13 Level 3: Advanced An application achieves Level 3 (or Advanced) certification if it also adequately defends against all advanced application security vulnerabilities, and also demonstrates principles of good security design. Figure 6 OWASP ASVS Level 3 The specific set of vulnerabilities against which Level 3 verification is measured is detailed in the Detailed Verification Requirements, but would include more difficult to exploit vulnerabilities, which would most likely be exploited by determined attackers. Level 3 is the only ASVS level which also requires an inspection of the application s design. In addition, the following requirements were added: - Any major security controls which have a cross-cutting impact (such as input validation or authorization) should be implemented in a centralized manner. - Security controls that perform validation should make decisions using a whitelist ( positive ) approach. - Input validation should not be relied on as the only defense against injection and scripting vulnerabilities. Rather, input validation should always be the second line of defense, with parameterization and output encoding being the primaries, respectively. Level 3 verification is typically appropriate for critical applications that protect life and safety, critical infrastructure, or defense functions or have the potential of facilitating substantial damage to the organization. Level 3 may also be appropriate for applications that process sensitive assets. Threats to security will be from determined attackers (skilled and motivated attackers focusing on specific 13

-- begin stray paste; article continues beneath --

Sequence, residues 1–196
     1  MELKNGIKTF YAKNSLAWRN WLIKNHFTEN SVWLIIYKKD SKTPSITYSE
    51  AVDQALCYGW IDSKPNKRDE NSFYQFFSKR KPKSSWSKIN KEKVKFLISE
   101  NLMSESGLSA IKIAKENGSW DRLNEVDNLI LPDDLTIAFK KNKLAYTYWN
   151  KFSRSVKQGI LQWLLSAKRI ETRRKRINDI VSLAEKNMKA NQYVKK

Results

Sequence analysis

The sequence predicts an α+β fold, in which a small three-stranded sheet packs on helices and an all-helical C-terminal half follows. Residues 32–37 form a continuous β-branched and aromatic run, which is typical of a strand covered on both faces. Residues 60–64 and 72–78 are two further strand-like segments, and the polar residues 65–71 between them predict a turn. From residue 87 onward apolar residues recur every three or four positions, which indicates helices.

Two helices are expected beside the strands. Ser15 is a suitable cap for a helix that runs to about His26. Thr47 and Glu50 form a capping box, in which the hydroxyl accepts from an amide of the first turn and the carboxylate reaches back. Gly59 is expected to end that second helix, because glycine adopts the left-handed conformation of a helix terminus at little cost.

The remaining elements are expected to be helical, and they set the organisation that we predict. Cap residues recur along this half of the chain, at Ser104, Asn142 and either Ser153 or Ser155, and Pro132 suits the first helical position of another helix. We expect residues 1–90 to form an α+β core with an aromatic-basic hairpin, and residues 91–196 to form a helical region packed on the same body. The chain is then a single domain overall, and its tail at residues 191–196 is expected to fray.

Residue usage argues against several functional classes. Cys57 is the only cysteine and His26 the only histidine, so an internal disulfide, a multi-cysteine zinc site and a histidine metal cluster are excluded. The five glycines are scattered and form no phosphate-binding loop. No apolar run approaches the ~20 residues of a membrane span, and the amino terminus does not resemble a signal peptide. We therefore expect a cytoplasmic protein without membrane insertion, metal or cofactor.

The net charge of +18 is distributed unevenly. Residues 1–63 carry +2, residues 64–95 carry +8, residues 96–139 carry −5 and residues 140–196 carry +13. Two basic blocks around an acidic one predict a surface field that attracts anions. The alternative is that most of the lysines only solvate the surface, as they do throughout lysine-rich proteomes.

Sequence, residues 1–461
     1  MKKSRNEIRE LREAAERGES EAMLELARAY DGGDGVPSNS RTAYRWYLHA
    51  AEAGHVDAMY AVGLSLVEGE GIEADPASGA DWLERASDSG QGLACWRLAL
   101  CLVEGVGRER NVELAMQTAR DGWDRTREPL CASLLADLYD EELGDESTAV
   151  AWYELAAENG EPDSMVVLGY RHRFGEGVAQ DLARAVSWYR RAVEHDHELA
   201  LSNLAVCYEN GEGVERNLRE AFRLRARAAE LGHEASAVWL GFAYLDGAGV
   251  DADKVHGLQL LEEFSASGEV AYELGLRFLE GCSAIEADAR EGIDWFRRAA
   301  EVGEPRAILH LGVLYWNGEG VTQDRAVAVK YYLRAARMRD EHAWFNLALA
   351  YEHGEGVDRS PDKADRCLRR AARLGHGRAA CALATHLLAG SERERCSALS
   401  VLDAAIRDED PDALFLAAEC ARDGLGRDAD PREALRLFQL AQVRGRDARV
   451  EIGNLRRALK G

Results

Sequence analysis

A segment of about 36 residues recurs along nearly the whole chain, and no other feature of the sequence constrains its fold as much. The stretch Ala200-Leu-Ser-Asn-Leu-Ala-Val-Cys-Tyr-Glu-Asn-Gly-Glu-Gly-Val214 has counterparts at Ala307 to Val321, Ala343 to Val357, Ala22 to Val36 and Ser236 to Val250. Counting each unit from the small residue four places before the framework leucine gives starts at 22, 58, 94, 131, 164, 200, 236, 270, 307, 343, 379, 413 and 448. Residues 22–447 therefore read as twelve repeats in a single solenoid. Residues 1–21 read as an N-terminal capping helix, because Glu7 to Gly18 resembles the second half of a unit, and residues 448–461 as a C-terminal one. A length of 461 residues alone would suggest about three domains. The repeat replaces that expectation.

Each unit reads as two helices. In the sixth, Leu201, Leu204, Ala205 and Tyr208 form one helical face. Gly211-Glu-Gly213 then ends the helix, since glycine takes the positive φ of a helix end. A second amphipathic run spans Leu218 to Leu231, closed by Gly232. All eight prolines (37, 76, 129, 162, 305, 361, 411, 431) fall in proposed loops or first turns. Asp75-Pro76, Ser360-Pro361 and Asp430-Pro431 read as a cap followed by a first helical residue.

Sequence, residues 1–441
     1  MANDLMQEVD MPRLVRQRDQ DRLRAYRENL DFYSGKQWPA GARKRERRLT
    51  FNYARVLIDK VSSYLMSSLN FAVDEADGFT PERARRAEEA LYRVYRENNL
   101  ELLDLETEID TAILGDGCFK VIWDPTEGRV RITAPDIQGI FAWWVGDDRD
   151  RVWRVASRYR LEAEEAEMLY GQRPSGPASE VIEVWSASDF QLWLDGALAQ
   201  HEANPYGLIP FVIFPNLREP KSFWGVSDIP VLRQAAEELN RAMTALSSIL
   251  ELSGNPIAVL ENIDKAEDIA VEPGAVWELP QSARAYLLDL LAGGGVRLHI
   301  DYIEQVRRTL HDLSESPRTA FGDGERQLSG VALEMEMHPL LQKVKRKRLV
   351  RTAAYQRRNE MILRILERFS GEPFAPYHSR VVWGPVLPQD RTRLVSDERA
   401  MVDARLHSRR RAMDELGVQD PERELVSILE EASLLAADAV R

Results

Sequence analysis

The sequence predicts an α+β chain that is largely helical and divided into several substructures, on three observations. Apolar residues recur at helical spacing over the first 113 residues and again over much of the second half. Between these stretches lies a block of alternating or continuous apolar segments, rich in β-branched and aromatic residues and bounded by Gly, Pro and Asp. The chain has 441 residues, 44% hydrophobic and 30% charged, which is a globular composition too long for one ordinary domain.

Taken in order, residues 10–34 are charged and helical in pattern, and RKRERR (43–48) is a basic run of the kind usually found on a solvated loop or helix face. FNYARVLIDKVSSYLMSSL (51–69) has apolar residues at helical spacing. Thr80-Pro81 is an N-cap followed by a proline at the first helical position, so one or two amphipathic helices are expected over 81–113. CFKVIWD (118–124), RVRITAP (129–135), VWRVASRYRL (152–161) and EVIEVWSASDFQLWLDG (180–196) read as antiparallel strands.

14 targets using tools including purpose-built scanning tools). Overview of Verification Requirements 14